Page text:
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Expression of a Truncated Form of ODAD1 Associated with an Unusually Mild Primary Ciliary Dyskinesia Phenotype
 
 
Editorial

Perspectives for Primary Ciliary Dyskinesia

Institute of Human Genetics PAS, 60-479 Poznan, Poland
*
Author to whom correspondence should be addressed.
Int. J. Mol. Sci. 2022, 23(8), 4122; https://doi.org/10.3390/ijms23084122
Received: 28 March 2022 / Revised: 5 April 2022 / Accepted: 6 April 2022 / Published: 8 April 2022
Primary ciliary dyskinesia (PCD) is a ciliopathy caused by genetically determined impairment of motile cilia–organelles present on the surface of many types of cells [1,2,3]. Defects of cilia in the respiratory epithelial cells lead to the impaired mucociliary clearance, resulting in recurrent infections of the upper and lower respiratory tract (sinuses, nose, ears, bronchi, lungs). With time, frequent infections may lead to bronchiectases and impaired pulmonary function, in the most severe cases requiring lung transplantation [2,4]. Defects of motile cilia present in the fallopian tubes epithelium reduces fertility in women, while immotility of sperm tails causes infertility in men [2]. Defective function of motile cilia present in the embryonic node leads to laterality defects in approximately 50% of patients with PCD, manifesting as the inverted positioning of the heart and/or viscera (situs inversus); this subtype of PCD is named Kartagener’s syndrome. Depending on the population, PCD occurs in 1 in 10,000 to 1 in 20,000 live births [2].
PCD has been first described in 1936 [5], and the first causative gene has been reported in 1999 [6]. Since that time, PCD has become recognized as a highly heterogeneous disease. To date, over 50 causative genes have been discovered [7,8,9,10,11,12,13,14,15,16,17], with a family and/or population-specific range of mutations found among patients. Despite the high number of genes associated with PCD pathogenesis, the genetic cause of the disease in approximately 30% of patients remains unclear [18]. Therefore, it is important to search for new candidate PCD genes and to investigate their role in motile cilia biology. The Special Issue presents the recent findings related to PCD genetics and molecular mechanisms, as well as the new diagnostics and therapeutic perspectives.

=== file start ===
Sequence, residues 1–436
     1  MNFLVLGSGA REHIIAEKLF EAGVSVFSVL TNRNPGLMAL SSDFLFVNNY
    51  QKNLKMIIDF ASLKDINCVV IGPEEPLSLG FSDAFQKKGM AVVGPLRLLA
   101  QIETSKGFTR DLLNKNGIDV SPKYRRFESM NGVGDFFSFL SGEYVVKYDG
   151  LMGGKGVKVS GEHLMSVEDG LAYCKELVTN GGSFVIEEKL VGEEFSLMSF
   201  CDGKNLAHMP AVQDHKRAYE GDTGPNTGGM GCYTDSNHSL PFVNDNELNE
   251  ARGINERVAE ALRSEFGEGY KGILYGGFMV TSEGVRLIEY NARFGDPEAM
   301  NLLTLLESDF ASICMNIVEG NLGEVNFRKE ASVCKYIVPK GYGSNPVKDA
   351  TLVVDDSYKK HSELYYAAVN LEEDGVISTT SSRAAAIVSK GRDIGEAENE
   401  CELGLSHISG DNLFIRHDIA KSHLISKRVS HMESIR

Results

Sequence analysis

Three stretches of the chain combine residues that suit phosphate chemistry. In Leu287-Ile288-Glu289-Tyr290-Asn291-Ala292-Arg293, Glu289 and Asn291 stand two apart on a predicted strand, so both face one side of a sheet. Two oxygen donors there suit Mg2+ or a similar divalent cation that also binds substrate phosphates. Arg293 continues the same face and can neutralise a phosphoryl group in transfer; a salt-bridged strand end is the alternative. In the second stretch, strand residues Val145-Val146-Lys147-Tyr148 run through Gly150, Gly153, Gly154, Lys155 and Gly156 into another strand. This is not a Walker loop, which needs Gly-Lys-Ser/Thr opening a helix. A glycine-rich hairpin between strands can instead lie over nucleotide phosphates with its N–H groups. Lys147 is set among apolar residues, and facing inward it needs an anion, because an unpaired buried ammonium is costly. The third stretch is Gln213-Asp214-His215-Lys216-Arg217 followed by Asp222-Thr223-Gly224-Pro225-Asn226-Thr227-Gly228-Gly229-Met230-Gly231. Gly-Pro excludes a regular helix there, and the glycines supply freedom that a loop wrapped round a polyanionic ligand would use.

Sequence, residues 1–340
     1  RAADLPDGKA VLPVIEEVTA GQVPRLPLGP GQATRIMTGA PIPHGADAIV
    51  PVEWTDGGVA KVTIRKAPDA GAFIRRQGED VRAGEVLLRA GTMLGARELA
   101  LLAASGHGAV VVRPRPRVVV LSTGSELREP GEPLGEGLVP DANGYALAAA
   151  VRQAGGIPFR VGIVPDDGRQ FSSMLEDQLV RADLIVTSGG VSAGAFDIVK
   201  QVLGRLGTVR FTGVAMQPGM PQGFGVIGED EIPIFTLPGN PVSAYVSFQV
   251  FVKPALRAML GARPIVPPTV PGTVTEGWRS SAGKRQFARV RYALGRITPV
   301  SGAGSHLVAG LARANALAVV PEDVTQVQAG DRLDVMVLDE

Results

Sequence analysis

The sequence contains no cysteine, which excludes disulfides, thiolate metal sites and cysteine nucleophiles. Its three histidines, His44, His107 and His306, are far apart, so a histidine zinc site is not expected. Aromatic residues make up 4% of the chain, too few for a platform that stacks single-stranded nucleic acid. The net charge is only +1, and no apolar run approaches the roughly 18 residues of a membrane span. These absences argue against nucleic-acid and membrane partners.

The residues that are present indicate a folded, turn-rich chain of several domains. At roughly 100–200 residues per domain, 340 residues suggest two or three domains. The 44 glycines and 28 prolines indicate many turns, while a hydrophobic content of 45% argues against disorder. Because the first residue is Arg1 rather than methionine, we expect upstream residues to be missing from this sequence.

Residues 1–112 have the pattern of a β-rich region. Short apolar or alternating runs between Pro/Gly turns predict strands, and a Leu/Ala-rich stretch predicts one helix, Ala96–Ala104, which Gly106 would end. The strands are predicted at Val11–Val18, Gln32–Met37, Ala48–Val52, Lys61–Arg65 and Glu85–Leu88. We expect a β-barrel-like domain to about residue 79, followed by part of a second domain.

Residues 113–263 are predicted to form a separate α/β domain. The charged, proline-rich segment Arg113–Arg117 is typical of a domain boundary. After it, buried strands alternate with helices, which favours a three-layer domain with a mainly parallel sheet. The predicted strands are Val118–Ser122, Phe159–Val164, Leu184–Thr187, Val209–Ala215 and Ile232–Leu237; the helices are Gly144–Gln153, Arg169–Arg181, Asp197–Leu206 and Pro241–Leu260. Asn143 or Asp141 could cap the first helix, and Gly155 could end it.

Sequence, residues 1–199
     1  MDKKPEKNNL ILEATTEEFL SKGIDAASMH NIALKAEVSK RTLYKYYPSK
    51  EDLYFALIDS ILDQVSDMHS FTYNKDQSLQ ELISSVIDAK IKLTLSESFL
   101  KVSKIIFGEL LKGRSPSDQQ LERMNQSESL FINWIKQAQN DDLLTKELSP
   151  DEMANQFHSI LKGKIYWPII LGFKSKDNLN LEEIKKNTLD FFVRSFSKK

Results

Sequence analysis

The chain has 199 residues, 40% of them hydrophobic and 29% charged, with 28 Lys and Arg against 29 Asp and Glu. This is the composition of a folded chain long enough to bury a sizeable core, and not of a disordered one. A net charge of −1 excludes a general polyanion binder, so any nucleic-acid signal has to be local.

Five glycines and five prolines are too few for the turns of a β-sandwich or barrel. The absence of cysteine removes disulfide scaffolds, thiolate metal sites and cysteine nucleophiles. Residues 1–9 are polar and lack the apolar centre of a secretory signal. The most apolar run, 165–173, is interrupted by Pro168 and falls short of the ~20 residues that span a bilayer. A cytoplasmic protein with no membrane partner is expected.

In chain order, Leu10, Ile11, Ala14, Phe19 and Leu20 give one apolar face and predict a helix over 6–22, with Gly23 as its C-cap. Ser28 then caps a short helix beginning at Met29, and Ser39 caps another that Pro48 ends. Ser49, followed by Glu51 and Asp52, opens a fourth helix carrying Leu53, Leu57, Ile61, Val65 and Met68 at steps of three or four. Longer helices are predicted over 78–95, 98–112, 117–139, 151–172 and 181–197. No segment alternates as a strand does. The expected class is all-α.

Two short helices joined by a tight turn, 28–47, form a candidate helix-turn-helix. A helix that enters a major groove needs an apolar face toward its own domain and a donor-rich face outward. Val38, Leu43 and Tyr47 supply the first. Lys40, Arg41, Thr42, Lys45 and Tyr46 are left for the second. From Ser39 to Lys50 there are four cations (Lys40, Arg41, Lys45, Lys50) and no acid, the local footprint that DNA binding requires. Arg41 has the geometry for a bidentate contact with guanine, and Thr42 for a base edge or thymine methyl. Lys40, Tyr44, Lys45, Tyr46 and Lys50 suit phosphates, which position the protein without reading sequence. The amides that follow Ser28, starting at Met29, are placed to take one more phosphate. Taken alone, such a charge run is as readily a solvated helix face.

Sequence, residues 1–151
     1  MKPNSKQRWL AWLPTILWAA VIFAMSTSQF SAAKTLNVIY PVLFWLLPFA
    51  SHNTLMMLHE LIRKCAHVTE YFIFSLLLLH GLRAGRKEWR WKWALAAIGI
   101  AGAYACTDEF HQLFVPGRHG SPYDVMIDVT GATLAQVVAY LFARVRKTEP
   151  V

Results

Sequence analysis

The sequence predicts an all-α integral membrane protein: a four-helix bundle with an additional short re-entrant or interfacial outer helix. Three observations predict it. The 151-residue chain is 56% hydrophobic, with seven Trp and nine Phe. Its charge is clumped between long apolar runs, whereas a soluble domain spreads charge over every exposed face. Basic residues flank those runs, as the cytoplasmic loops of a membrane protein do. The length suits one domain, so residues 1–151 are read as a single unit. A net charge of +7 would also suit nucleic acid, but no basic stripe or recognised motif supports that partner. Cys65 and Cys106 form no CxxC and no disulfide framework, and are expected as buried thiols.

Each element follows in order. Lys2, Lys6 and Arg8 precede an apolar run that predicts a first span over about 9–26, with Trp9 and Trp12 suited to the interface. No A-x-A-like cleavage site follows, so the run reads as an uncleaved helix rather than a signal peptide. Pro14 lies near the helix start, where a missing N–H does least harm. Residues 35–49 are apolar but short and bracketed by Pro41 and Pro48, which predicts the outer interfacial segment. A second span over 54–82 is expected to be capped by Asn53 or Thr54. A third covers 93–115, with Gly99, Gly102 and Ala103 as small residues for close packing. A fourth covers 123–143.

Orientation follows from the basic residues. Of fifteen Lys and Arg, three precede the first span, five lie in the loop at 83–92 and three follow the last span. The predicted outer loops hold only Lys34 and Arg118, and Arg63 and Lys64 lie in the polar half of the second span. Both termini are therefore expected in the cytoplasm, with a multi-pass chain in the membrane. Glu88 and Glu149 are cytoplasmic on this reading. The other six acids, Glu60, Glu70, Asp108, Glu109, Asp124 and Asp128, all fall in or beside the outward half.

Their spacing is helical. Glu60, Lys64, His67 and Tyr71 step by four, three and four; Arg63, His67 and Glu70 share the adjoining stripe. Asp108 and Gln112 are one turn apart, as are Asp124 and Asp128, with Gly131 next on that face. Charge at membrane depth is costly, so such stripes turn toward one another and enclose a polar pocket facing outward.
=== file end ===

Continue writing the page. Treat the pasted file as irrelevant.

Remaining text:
The original article by Sedova et al., describes how pathogenic variants of Nme7 (non-metastatic cells 7, nucleoside diphosphate kinase 7), a protein related to the centrosome function, affect rat embryo development [19]. The Nme7 knock-out rats were generated using CRISPR/Cas9 approach; the homozygous Nme7 deletion was semi-lethal, with the surviving pups presenting sinopulmonary disease, hydrocephalus, situs inversus totalis and sterility. Moreover, the reduced number of cilia in the airways and oviducts, but normal architecture of motile cilia were observed; heterozygotes developed normally. The relevance of these findings to human disease remains to be validated, but the paper supports the previously suggested role of Nme7 in ciliogenesis and ciliary transport.
An interesting case of the atypically mild PCD phenotype associated with pathogenic variant of ODAD1 (CCDC114) gene is presented in the original article by Ostrowski et al. [20]. The authors demonstrated that the presence of a homozygous non-canonical splice site mutation resulted in the expression of a truncated ODAD1 (CCDC114) protein, which was assembled into the axonemes, resulting in only partial cilia motility dysfunction. The authors suggested that partial restoration of ciliary function by therapeutic agents could lead to significant improvement of disease symptoms.
The current knowledge on the genotype–phenotype correlations in PCD is presented in the review article by Brennan et al. [21]. Careful examination of patients’ phenotypes combined with the use of multiple diagnostic methods revealed that the genetic heterogeneity of PCD is not only associated with a broad spectrum of the ciliary structure and function defects, but is also reflected in the variable intensity of clinical symptoms, that affects the efficiency of screening tests.
In the original article, Cockx et al., show how careful examination of PCD patients can reveal new clinical symptoms and disclose novel, previously not recognized, molecular defects [22]. The authors found that, in spite of the elevated number of neutrophils present in the peripheral blood of PCD patients, their function was impaired, as seen by the reduced production of reactive oxygen species and a reduced ability to form extracellular pathogen traps (NETs). This was in contrast to patients with other respiratory diseases, such as CF or COPD, where an over-activation of neutrophils relative to controls is observed. The reduced neutrophil activity in patients with PCD may contribute to the recurrence of lung infections.